The recognition of piracy by West African societies as an acceptable economic activity that transforms lives has been identified by security experts as one of the challenges hindering the fight against the activities of pirates.
Dr Kwesi Aning, Director, Faculty of Academic Affairs and Research at the Kofi Annan International Peacekeeping Training Centre (KAIPTC) in Accra, says the legal framework to control the activities of pirates are also “not up to speed”.
Speaking on¬†Joy FM’s Super Morning Show¬†Tuesday, Dr Aning said the threat of pirate activities in Ghana’s territorial waters is “real, it’s growing and it will continue to grow”.
He indicated that piracy is purely a business venture with businessmen from countries including Ghana financing it.
He said because people were not seeing the criminal aspect of piracy, which he described as armed robbery at sea, the threat was put on a back burner until Nigeria and Benin started feeling the impact of pirate attacks.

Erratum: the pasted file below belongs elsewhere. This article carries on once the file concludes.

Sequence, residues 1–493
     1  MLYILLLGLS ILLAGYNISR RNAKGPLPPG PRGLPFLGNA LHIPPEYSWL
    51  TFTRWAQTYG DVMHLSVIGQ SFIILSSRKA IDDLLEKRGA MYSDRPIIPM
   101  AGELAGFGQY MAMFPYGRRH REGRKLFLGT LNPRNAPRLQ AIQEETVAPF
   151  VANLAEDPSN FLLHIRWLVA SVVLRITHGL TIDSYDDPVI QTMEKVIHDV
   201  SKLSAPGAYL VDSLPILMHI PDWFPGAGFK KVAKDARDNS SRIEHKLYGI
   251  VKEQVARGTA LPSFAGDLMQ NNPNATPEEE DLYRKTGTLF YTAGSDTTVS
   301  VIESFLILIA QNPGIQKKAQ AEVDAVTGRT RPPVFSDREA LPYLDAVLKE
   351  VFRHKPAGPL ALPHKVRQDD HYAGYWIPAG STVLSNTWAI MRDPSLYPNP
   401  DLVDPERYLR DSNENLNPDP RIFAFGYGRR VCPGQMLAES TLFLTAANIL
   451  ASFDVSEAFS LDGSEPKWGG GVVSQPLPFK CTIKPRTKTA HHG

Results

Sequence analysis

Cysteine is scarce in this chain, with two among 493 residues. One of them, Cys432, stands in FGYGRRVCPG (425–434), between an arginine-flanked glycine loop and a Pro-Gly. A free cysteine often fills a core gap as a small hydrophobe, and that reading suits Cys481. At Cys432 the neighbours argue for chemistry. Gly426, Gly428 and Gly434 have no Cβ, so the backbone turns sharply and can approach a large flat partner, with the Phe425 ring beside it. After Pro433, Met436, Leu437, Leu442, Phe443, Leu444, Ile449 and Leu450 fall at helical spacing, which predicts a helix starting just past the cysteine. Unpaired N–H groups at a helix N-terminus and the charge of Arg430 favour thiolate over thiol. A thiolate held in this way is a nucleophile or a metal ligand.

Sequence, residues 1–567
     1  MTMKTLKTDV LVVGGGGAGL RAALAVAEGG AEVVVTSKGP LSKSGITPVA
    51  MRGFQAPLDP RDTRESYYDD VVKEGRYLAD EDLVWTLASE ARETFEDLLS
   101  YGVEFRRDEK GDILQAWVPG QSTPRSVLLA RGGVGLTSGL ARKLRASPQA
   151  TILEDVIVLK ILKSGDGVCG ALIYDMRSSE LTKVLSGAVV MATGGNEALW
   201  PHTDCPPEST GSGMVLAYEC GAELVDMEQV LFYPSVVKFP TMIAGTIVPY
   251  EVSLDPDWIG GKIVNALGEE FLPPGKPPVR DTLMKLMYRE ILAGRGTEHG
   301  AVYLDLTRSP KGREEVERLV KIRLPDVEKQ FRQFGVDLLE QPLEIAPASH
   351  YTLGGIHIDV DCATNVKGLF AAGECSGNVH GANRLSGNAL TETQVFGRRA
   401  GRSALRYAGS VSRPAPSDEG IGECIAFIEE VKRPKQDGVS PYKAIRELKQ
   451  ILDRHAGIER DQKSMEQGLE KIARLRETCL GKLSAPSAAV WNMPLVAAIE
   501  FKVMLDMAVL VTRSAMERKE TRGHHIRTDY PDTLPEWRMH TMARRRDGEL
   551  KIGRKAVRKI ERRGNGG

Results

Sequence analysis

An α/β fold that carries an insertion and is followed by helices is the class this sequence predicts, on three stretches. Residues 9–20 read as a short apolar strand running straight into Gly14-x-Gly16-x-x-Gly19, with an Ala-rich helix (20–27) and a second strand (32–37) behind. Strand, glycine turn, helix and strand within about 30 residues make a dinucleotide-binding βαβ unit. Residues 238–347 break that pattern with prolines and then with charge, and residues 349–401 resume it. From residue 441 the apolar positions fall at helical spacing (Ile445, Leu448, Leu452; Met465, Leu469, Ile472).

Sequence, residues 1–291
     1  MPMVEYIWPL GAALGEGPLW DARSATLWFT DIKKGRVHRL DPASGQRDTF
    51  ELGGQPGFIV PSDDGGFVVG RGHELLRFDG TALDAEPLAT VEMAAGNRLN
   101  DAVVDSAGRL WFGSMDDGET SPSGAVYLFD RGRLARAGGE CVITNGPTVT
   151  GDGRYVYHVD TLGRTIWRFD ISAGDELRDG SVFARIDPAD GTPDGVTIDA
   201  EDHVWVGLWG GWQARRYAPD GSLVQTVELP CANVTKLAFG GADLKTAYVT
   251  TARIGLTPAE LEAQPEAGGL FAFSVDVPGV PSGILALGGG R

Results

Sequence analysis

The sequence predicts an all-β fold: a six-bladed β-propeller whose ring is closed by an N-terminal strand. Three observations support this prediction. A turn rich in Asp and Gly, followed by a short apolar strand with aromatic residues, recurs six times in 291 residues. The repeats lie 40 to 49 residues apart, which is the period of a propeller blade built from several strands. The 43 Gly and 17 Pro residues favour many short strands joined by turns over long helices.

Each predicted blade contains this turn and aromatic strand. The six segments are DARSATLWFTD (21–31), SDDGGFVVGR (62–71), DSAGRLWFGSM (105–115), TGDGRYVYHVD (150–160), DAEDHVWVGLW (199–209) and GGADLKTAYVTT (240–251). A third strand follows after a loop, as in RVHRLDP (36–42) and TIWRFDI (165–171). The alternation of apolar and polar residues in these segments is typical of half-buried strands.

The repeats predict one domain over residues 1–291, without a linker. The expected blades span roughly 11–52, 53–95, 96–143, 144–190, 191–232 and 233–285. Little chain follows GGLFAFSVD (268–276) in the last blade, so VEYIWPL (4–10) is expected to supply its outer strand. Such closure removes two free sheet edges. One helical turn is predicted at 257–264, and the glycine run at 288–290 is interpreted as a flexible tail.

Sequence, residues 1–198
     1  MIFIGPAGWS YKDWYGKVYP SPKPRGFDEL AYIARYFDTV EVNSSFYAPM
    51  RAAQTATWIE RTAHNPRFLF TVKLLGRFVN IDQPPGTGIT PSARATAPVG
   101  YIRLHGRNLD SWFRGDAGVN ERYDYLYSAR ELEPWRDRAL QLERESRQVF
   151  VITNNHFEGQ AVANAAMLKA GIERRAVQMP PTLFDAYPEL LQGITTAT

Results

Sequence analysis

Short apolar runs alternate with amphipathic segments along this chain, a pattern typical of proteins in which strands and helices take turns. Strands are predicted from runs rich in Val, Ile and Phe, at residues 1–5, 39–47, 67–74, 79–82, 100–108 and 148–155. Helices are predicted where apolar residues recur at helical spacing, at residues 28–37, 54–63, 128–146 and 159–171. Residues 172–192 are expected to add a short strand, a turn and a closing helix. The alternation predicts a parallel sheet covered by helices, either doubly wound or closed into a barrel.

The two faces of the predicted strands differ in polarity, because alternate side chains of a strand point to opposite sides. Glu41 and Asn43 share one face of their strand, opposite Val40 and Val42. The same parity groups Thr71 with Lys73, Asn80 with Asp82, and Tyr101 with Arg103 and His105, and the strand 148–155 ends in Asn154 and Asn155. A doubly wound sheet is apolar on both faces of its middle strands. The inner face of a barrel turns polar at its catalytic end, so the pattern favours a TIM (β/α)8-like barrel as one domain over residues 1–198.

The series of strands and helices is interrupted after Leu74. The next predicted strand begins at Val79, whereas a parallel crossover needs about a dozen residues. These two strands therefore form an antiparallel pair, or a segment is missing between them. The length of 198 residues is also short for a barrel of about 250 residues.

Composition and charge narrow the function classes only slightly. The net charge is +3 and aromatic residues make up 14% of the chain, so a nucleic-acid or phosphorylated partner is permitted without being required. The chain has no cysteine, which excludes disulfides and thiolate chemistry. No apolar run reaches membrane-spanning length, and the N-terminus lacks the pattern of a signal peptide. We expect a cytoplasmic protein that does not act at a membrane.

According to him, since 2012 piracy attacks at the Gulf of Guinea have become more frequent than that at the Gulf of Aden. The only operational difference, he noted, was that while pirates operating on the coast of Sudan (Gulf of Aden) seize vessels with their crew and demand ransom for their release, in the case of West Coast, the pirates siphon oil, steal goods aboard vessels, and take charge of sophisticated communication gadgets, which he said is “more threatening”.
Dr Aning said that navies in the sub region are not able to track the pirate activities because the pirates use more modern and faster outboard motors.
Admitting that armed robbery at sea cannot be fought by one country, the security expert charged governments to provide their navies with the necessary financial support and tools such as surveillance aircraft and faster boats. Otherwise “we will be laughing at the wrong side of our mouth soon”, he warned.
He said the economic cost of piracy in West Africa is estimated at two billion US dollars a year.